The pattern (Kendra received an email from Sam every morning around 9AM, and she replied a few hours later) continued for five days, with Joe's emails becoming increasingly romantic. He always began them with, "Hi Gorgeous," "Hi Beautiful," etc. and continued with essay-like tomes outlining his strong feelings about honesty, loyalty, his burning desire to hold hands... you get the picture. He eventually asked for her phone number, and Kendra complied.

By the sixth day, Sam claimed in his email to have fallen in love with Kendra, despite the fact that she had previously noted her desire to take things slowly. The email read like one of those sleazy romance novels, and all of the red flags that Kendra had been noticing suddenly came crashing together to spell the word "SCAM." When several hours went by and she had not answered the email, her phone dinged: she had received her very first text from Sam. "Hi Kendra," it read. "How are things going today? This is Sam." That sealed it. There was no doubt in her mind that she had almost been scammed...and that the scammer's name certainly wasn't "Sam" , and wherever it was he lived was nowhere near her and could very well be in another country. (The fact that he never had answered her question of exactly where the city he lived in "closeby" was located had been another red flag.) As she went through all of Joe-Mohammed-Lilu-Cecil-Sranka-Andrew-whoever's emails, Kendra wrote down all of the details that she had questioned and was reminded of a variation of the adage "If it's too good to be true, it probably isn't": If a red flag goes up, there probably is a reason."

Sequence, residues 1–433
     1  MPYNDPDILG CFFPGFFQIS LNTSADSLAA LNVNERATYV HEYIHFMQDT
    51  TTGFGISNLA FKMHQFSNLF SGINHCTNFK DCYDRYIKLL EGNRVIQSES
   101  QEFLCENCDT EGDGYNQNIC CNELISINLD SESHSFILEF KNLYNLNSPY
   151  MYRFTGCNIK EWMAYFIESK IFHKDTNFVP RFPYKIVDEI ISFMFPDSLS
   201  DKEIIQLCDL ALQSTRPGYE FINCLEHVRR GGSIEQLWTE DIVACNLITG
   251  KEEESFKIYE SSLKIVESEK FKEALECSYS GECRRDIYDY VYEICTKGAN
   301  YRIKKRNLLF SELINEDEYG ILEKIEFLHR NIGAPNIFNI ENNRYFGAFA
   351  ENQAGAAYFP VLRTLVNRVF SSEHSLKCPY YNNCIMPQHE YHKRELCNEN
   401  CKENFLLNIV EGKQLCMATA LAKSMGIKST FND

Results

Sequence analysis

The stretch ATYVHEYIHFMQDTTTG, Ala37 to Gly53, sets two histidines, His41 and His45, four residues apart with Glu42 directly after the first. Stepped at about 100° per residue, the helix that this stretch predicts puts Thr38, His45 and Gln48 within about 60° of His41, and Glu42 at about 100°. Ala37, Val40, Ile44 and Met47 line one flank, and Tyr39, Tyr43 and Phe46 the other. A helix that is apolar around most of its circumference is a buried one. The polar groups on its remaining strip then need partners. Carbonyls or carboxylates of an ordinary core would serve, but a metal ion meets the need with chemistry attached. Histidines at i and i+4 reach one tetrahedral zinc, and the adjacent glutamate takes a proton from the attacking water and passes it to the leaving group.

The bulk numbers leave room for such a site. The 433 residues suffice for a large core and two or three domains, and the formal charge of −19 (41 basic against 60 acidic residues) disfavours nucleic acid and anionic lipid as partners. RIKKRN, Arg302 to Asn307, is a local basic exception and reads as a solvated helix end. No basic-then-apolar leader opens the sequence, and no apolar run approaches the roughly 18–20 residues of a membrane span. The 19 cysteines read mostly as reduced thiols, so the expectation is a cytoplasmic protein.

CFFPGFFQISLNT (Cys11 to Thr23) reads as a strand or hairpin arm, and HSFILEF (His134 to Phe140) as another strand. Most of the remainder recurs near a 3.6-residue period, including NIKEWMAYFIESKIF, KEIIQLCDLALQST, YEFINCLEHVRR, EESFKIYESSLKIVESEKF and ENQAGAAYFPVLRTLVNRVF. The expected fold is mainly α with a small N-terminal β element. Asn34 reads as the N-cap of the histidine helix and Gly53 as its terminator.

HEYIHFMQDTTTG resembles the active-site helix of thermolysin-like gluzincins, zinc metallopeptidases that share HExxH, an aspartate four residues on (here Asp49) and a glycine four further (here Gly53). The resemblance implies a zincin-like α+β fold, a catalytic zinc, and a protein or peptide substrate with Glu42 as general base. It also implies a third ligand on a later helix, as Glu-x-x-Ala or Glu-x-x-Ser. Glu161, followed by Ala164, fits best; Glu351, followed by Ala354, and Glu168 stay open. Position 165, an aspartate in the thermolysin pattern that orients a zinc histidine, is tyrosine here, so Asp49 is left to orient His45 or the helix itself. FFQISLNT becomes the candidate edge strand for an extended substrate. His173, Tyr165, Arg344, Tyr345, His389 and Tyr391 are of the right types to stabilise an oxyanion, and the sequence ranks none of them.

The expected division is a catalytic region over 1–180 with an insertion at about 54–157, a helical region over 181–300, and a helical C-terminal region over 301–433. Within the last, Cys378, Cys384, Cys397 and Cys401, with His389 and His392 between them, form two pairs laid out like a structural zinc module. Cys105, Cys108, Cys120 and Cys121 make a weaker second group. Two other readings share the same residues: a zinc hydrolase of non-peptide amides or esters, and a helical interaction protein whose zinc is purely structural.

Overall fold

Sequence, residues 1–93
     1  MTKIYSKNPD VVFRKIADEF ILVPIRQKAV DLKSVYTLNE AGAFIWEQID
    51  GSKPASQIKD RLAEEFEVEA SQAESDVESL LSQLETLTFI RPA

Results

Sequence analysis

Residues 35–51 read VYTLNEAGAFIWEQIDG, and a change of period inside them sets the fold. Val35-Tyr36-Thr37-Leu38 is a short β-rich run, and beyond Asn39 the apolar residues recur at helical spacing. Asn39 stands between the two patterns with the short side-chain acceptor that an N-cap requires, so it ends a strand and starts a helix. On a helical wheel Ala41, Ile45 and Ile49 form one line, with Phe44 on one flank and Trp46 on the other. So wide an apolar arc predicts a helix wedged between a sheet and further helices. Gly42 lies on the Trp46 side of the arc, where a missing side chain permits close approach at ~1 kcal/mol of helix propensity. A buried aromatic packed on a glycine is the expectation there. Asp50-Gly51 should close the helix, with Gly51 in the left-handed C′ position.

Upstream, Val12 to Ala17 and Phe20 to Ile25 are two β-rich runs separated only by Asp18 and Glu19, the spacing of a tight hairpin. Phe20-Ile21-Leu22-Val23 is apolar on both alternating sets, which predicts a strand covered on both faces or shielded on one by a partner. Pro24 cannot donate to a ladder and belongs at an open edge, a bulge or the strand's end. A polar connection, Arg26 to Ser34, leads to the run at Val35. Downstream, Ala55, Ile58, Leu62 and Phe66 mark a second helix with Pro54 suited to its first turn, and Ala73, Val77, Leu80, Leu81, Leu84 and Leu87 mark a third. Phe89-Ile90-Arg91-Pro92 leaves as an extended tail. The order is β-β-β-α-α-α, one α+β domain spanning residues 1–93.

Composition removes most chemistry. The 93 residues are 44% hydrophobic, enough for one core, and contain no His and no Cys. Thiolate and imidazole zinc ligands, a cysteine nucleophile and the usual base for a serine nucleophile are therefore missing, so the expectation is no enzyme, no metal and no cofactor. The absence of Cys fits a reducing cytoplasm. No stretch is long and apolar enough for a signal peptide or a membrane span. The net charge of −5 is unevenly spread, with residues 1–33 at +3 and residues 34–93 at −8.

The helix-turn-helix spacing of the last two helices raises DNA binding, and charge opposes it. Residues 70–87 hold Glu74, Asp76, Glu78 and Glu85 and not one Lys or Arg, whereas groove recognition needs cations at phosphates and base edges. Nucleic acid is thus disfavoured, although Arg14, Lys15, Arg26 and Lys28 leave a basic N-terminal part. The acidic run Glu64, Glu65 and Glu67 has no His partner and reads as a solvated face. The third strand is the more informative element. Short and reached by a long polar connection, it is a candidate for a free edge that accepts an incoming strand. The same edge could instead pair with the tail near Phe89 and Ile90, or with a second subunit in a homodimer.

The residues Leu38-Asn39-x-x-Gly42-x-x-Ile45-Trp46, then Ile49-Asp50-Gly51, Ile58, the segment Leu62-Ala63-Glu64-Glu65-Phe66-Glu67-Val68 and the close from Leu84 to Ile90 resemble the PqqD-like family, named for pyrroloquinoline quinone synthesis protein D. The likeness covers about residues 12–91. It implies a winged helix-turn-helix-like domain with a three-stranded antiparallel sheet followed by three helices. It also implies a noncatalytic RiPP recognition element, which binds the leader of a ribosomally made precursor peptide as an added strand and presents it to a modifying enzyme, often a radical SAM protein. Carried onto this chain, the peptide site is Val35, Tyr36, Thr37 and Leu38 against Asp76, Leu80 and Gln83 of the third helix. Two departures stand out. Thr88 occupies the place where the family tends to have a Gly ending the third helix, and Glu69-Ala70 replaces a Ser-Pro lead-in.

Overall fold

It didn't take Kendra long to realize that this scammer/scammers probably was the same person/persons as at least two others who had contacted her on the online dating site... they had ceased corresponding exactly when "Sam" became involved. Also, he/they also had been able to find out more about her because her email actually spelled her name, and we all know how easy it is- thanks to modern technology- to search for just about anything and come up with some impressive results... which also explained the "coincidence" of their spouses having been affected by the same illness. Looking up an obituary takes about ten seconds if you know the decedent's name, which Sam obviously had learned from searching Kendra's name.

Respect the Red Flags

The more Kendra thought about it, the more she realized that a number of red flags had gone up during her brief "acquaintance" with Sam. (She now realizes that "Sam" could even have been "Samantha".) After her scary experience, I decided to do a search of the online dating website that she had used. When I typed in the name, all kinds of negative comments appeared. I certainly am not blaming this particular website for my friend's experience, but if you choose to participate in online dating, you do have to keep in mind the fact that there is just so much a dating website can do to prevent scams from occurring. If a scammer owns a computer, he has all the tools he needs at his fingertips. All he needs to do is come up with a picture (they can be found all over the internet), get the email address and/or phone number of his target, create an over-the-top profile, and hope he attracts someone who is naive enough, lonely enough, or just plain unlucky enough to buy into his scam... at which point he'll come up with a sob story to justify why his new "love" has to send him money.

Many people have had positive experiences while participating in online dating; some have not been as fortunate. So...If you choose to try online dating, just remember to Proceed With Caution, and Know When It's Time To Move On.